Welcome to another week.
The Court Of Protection has often raised concerns for the secretive way in which it conducts its business. With far reaching powers like the ability to compel individuals to undergo abortions, surgery and even detain those considered to be mentally impaired in places like hospitals, it is a court with an enormous amount of influence on day-to-day living.
Google “Court of Protection Problems” and a lot of items come up, including an article from The Guardian which explains why the Court Of Protection carries out much of its work behind closed doors. The piece explains that many of the cases the Court hears are private and involve families who would prefer not to let the world in on their personal affairs.
But every now and then a case crops up which blurs the boundary between right to privacy and public interest, and raises questions about the judges who make such draconian orders. The case of Kathleen Danby, a grandmother facing jail for hugging her grand-daughter is one such case. The case began with a contact order which effectively banned Ms Danby from seeing her grand daughter, Janine, who was placed in care. Ms Danby defied this court order in 2014 by hugging Janine, an event which was caught on CCTV by social workers, and subsequently saw Ms Danby go to jail. Ms Danby faces jail again, after her grand daughter ran away from her care home recently, and tried to make her way to Ms Danby.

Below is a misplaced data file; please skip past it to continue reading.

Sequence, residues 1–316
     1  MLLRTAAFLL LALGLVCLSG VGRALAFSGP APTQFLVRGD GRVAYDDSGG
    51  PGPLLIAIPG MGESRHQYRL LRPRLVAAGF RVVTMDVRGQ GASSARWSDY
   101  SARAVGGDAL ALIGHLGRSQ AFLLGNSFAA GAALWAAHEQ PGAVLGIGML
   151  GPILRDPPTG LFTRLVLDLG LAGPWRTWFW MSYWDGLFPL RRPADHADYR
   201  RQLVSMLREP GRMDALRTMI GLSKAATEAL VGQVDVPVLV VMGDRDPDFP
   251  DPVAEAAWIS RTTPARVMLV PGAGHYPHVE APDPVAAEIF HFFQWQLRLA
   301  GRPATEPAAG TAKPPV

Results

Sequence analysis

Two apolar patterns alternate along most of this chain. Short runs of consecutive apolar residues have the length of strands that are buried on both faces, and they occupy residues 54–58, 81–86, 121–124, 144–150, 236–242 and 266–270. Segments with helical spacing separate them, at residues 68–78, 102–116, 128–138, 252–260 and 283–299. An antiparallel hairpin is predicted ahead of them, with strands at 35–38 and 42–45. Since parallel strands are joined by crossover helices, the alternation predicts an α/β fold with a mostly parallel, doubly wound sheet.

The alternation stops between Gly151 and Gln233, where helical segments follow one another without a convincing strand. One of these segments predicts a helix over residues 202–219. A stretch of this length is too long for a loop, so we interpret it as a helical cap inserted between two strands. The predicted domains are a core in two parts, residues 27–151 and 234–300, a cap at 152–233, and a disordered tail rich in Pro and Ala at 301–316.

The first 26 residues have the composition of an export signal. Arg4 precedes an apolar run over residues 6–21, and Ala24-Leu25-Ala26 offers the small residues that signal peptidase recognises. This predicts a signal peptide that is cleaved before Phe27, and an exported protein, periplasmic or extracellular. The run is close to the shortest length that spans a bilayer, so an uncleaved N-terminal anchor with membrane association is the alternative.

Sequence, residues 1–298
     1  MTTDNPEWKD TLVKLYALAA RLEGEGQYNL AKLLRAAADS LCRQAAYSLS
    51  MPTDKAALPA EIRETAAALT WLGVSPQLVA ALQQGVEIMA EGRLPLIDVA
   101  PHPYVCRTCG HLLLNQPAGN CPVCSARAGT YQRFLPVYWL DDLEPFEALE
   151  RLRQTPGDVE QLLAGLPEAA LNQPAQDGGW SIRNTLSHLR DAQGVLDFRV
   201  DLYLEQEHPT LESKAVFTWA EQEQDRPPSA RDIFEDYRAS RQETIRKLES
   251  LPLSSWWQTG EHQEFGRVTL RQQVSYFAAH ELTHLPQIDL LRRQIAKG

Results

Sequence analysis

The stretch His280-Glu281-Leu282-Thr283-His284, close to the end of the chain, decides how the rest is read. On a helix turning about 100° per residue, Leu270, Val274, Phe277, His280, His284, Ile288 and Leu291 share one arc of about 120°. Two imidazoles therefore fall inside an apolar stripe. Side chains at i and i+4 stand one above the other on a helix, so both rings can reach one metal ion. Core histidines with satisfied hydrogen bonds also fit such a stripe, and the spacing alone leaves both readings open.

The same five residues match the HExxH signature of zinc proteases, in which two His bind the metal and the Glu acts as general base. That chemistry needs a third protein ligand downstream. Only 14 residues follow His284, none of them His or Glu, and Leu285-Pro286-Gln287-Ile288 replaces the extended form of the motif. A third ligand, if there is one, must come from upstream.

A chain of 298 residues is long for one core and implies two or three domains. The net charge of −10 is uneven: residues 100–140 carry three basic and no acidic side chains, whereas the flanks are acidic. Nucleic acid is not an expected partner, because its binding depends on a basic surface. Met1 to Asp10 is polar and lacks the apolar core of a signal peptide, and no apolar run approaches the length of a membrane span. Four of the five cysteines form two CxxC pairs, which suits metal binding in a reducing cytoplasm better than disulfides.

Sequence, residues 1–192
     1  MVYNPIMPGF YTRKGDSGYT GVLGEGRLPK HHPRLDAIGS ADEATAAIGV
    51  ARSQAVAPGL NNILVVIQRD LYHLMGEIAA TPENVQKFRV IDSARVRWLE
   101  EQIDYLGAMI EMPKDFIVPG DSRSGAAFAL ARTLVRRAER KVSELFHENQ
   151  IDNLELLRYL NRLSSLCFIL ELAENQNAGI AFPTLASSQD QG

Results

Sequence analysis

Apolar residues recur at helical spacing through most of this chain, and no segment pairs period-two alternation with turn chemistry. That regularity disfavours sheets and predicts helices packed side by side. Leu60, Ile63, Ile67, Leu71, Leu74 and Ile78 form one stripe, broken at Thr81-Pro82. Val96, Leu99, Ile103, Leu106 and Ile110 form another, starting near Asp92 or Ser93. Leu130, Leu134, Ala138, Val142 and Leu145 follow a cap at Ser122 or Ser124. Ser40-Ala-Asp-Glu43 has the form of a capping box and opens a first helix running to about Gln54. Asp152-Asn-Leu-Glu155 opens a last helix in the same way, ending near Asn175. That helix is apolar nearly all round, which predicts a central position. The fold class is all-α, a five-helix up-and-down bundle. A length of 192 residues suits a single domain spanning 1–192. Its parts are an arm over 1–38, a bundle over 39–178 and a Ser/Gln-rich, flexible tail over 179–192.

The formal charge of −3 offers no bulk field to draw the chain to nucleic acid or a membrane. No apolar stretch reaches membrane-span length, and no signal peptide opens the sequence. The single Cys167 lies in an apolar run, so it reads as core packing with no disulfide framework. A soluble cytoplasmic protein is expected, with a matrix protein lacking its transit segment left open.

Whilst we don’t know the reasons for the order banning contact (the article explains that Ms Danby lives near Janine’s father, so perhaps there are concerns in relation to his conduct), we do know that Janine is 20 years old, an adult in the eyes of the law. Ms Danby is 74 years old, and clearly not deterred by jail time.
No one has yet questioned how Janine was able to run away from her care home not once, but twice. We already know that there are huge numbers of children running away from care homes in England, a phenomenon which continues to place children at risk of exploitation and other forms of harm.
So our question then, is just this: Do you think the Court Of Protection is handling this case in the best way possible, regardless of what the facts may be, or is it unfair to judge without all the information?